Israeli Company Plans Wi-Fi Phone Service In U.S. Cities
Trans Con Mobile says it's negotiating with various municipalities about putting base stations on buildings for its network and claims to be close to announcing a deal with a mid-America city.
Does the United States need another wireless carrier? An Israeli company thinks so and is hoping its Wi-Fi-based system will land it a place in the carrier market.
Trans Con Mobile says it's working to acquire building permits to install its access points and antennas on building rooftops, and claims it's close to unveiling a deal with an unnamed mid-America city for coverage. For customers, the company can offer lower rates than cellular carriers, chairman Avi Shani says. Trans Con Mobile's network would use the free, unlicensed Wi-Fi spectrum instead of the licensed spectrum that carriers use and must pay for.
Trans Con Mobile's plan isn't entirely unique: Four manufacturers will soon release Wi-Fi phones that work with Skype, eBay's VoIP service, and some cell phone companies are developing dual-mode phones that switch between cellular and Wi-Fi as needed. But Shani says his company has something unique with a smart phone-type device it developed. The phone offers about six hours of talk time and 120 hours of standby time on a single charge, and gives subscribers access to E-mail, the Web, text messaging, and voice calling, at a fixed monthly price.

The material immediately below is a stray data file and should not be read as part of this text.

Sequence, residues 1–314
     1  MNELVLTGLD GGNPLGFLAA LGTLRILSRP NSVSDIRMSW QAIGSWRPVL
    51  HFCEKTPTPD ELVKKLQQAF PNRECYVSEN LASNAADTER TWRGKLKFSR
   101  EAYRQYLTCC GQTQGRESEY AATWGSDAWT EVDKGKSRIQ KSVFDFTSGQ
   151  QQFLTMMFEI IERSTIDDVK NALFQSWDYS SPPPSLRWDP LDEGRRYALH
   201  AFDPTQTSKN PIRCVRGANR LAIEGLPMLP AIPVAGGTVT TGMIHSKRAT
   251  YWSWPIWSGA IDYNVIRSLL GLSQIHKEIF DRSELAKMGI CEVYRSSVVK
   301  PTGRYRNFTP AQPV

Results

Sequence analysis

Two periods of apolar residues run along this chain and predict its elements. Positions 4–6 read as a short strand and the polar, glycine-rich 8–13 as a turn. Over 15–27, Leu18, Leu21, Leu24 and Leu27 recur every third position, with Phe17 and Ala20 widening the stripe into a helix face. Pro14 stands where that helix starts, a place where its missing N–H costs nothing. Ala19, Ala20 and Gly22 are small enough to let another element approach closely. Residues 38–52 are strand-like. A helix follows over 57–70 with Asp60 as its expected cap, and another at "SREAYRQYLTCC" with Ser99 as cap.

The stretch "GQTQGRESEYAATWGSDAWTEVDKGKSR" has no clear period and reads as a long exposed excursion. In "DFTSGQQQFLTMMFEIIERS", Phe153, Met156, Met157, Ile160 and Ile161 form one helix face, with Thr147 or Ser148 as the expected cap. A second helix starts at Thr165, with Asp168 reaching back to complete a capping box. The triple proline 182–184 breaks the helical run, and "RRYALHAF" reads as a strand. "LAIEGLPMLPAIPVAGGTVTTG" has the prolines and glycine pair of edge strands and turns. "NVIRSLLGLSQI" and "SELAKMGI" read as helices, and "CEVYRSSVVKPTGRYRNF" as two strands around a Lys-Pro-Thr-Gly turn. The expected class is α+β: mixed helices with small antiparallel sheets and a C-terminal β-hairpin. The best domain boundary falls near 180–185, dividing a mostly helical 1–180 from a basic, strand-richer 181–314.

Yet any voice service based on the unlicensed Wi-Fi spectrum is likely to face quality problems, Gartner analyst Ken Dulaney says, adding that Trans Con Mobile will have a tough time making headway in the established U.S. market. Haim Yashar, a director at Trans Con Mobile, says the company has tackled quality issues with technology it's developed, noting that Trans Con Mobile has patent-pending designs for hardware and software on the network and handset sides that deliver "cellularlike" service.
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